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‘Slap On! Slap Ever!’: Victorian Pantomime, Gender Variance, and Cross-Dressing

Published online by Cambridge University Press:  06 August 2014

Abstract

In this article Jim Davis considers gender representation in Victorian pantomime alongside variance in Victorian life, examining male and female impersonation in pantomime within the context of cross-dressing (often a manifestation of gender variance) in everyday life. While accepting that male heterosexual, gay, and lesbian gazes may have informed the reception of Victorian pantomime, he argues for the existence of a transgendered gaze and a contextual awareness of gender variant behaviour, with a more nuanced view of cross-dressed performance. The principal boy role and its relationship to variant ways of seeing suggests its appeal goes beyond what Jacky Bratton calls the ‘boy’, a notion she applies to the dynamic androgyny of male impersonators in burlesque, music hall, and occasionally melodrama. For the principal ‘boy’ is clearly transmuting back into a girl, at least physically. Equally, while the dame role is usually unambiguously male, Dan Leno's late-Victorian dames seem based on observation of real women. There has been enormous scholarly interest in theatrical cross-dressing, but also a partial tendency to associate it with what Marjorie Garber calls ‘an emerging gay and lesbian identity’. This is appropriate, but should not obscure the relevance of cross-dressed performances to an emerging transgender identity, even if such an identity has partially been hidden from history. Any discussion of cross-dressing in Victorian pantomime should heed the multifaceted functions of cross dressing in its society and the multiplicity of gendered perspectives and gazes that this elicited.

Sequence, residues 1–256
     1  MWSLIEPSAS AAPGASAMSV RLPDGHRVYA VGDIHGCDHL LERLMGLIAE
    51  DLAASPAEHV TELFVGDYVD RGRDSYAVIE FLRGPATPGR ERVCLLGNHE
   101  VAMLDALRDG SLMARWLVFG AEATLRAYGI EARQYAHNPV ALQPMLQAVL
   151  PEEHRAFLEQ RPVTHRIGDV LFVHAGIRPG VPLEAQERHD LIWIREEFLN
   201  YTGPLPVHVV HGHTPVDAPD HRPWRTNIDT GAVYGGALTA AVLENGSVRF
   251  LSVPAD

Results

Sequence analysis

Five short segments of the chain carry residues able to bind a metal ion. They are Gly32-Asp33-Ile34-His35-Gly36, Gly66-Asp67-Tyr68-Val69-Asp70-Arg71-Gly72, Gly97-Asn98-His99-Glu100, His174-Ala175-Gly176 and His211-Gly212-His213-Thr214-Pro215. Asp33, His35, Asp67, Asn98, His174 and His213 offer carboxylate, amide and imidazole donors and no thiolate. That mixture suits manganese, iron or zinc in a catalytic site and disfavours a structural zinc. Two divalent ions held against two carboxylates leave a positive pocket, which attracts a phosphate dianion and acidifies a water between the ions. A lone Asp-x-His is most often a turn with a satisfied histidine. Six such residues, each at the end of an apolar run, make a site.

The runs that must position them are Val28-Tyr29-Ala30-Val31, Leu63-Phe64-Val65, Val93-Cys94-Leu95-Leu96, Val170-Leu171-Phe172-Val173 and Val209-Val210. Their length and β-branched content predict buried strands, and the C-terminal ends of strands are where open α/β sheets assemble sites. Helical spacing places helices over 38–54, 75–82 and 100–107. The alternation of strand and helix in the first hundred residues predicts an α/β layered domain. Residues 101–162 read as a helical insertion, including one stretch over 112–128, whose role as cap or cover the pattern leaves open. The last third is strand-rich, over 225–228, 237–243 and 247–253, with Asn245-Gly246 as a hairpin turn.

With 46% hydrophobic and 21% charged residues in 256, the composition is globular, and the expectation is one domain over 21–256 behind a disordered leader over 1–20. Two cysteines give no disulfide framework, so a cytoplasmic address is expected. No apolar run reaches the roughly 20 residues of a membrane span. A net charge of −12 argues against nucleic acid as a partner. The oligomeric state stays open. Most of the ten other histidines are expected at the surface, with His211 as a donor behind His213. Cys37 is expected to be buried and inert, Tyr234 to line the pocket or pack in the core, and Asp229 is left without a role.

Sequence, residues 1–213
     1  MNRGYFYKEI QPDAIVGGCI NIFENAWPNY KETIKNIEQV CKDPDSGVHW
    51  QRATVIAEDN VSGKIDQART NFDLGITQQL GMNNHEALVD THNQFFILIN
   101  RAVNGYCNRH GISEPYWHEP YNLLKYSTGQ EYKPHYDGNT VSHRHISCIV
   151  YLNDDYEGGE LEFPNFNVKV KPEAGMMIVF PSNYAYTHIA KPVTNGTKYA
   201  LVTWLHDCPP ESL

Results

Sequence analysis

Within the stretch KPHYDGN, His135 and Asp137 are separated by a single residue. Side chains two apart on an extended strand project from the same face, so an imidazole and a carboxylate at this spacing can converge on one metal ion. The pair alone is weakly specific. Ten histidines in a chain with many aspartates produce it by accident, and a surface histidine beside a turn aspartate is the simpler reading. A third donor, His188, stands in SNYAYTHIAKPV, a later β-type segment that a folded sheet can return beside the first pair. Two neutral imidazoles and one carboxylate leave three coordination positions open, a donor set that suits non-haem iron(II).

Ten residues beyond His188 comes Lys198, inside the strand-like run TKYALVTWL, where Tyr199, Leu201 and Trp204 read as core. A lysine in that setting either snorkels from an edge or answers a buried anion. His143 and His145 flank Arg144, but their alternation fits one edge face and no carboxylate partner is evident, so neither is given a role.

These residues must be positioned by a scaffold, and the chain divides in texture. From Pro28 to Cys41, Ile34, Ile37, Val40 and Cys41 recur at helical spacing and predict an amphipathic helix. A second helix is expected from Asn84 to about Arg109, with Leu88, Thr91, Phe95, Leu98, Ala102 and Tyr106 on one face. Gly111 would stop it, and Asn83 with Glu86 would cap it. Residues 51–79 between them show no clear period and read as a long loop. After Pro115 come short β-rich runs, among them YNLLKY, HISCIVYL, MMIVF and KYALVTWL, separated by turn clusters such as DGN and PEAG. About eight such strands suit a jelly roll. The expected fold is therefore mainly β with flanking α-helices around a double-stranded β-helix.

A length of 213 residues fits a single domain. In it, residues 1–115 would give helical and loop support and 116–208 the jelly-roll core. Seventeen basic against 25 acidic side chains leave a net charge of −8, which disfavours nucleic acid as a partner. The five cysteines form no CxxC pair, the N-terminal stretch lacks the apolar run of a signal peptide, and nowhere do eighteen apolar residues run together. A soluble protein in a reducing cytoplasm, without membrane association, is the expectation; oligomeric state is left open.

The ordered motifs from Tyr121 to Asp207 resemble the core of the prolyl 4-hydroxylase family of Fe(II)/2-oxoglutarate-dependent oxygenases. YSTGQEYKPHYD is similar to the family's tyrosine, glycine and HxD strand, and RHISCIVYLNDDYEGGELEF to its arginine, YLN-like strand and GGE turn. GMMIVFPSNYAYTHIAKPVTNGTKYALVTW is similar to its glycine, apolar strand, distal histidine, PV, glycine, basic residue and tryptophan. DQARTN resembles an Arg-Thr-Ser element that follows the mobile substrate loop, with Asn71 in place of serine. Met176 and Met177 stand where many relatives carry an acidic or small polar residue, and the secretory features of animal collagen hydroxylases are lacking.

Type
Research Article
Copyright
Copyright © Cambridge University Press 2014 

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